"Get Smart" (* * 1/2 out of four) is bright enough, but stops short of being clever.
This contemporary remake of the iconic '60s TV comedy could have used more of the sly wit of show creators Buck Henry and Mel Brooks and less of the antic humor and overblown action sequences that typify Hollywood's summer output.
While the film is breezily entertaining, it also is surprisingly generic, despite the likable Steve Carell as Maxwell Smart. Carell does a fine, goofy job. But you wish he could have tapped into his nuanced and darker comic side that is so hilariously revealed in TV's "The Office". Anne Hathaway is about as effective as Agent 99 as can be imagined, short of the original, Barbara Feldon. But the sentimental facets of her character dilute her sardonic and sassy nature.
The hush-hush spy agency CONTROL employs Smart as an analyst, where he impressively deciphers suspicious "chatter" from surveillance tapes.
But he longs to be where the action is as a field agent. After the agency headquarters is attacked and identities of key operatives compromised, the Chief (sharply played by Alan Arkin) promotes Smart to secret agent.
He idolizes the brawny Agent 23 (Dwayne Johnson) but is paired with the sultry Agent 99. He's instantly attracted; she's resentful about getting such a nerdy and accident-prone rookie for a partner. The pair is sent on a dangerous mission to thwart a plot for world domination by spy syndicate KAOS.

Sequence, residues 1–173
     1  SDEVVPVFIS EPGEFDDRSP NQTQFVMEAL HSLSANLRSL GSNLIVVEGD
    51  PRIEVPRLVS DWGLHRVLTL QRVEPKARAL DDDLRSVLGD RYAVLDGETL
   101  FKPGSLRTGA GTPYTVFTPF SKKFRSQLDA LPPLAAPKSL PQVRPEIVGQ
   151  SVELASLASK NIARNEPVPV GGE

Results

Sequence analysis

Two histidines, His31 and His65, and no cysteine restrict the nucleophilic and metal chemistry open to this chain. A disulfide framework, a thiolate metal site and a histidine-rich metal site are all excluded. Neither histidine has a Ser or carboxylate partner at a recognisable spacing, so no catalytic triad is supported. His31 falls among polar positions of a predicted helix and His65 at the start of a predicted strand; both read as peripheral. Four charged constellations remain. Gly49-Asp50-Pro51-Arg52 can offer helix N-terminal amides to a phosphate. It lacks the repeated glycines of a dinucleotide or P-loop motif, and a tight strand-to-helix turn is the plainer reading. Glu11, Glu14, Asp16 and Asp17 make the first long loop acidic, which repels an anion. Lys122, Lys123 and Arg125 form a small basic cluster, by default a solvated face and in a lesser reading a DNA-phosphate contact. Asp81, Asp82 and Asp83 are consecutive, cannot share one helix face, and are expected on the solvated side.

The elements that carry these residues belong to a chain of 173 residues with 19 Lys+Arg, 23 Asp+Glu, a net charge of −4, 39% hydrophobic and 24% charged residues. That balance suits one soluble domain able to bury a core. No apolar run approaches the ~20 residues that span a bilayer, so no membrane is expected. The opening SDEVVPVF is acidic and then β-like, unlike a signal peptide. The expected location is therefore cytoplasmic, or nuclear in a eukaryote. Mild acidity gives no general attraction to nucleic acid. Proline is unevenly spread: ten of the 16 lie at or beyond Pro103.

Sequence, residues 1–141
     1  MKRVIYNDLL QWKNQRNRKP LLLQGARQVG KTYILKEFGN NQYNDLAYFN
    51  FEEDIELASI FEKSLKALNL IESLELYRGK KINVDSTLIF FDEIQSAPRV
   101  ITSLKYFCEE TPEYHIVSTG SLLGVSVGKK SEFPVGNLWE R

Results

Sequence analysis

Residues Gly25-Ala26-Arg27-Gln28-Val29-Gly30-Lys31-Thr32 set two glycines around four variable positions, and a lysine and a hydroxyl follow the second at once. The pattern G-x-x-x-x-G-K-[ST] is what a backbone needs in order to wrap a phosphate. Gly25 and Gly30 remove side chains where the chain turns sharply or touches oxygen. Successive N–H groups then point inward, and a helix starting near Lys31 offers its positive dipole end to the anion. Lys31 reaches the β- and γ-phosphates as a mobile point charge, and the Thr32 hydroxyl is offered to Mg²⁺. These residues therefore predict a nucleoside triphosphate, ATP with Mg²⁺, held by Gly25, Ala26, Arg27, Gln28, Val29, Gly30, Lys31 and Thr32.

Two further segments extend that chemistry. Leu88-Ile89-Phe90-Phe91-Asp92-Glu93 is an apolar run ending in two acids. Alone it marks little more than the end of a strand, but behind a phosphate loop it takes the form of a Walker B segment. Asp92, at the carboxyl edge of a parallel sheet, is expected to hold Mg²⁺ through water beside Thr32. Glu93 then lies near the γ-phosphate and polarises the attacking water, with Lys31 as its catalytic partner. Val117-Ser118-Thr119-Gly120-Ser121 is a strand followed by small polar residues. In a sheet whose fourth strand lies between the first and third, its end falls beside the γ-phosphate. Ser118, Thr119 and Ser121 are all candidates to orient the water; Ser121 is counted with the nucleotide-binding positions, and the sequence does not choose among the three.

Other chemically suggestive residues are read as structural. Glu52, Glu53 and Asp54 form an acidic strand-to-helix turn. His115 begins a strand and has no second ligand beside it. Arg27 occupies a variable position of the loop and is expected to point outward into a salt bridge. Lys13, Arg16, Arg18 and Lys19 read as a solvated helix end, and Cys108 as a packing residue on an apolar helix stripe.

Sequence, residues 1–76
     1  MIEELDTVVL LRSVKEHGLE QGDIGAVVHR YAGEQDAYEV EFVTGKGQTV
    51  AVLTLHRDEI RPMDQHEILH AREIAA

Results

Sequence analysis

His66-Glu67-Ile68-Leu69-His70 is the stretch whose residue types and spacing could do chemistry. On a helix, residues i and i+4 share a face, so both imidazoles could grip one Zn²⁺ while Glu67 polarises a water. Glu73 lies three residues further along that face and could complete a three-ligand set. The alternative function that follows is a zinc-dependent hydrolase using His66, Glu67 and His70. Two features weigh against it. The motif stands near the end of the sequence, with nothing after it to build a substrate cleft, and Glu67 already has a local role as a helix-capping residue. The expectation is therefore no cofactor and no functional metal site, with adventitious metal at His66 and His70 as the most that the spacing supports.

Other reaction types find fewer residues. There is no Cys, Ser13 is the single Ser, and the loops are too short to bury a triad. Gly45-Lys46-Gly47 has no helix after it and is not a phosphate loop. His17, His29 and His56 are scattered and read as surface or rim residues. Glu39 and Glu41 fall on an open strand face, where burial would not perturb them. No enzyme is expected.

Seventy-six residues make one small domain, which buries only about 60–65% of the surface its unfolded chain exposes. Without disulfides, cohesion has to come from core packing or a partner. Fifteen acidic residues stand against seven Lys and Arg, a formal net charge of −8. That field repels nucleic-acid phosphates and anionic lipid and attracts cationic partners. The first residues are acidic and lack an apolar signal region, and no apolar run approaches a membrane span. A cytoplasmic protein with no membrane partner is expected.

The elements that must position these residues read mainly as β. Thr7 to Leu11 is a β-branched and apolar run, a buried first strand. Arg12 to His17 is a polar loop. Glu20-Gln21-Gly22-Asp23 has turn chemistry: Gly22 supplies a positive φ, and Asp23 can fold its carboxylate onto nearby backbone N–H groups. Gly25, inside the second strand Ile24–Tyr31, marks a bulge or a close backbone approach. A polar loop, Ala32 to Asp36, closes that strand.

Smart has only his smarts and trademark gadgets to fight off the malevolent KAOS, headed by Terence Stamp. But his resourcefulness and enthusiasm take him far. As does dumb, bumbling luck.
The screenplay is peppered with such trademark Smart lines as "Sorry about that, Chief," "Would you believe …?" and "Missed it by that much," but they seem almost forcibly inserted rather than interwoven naturally into the script.
And a scene featuring Smart peeling gum off his infamous shoe phone on board a plane is almost a replica of a gag in the latest "Harold & Kumar" movie.
On the plus side, the high-tech "Cone of Silence" sequence offers fresh laughs, as does Smart's arsenal of gadgets, including exploding dental floss and a flame-throwing Swiss Army knife.
This is a film that is keenly aware of its impending summer blockbuster status. And with that in mind, it can't decide whether it wants to be a thrilling action movie or a quirky comic spoof. The elements seem in conflict, rather than seamlessly blended. (Rated PG-13 for some rude humor, action violence and language. Running time: 1 hour, 50 minutes. Opens tonight in some theaters and Friday nationwide.)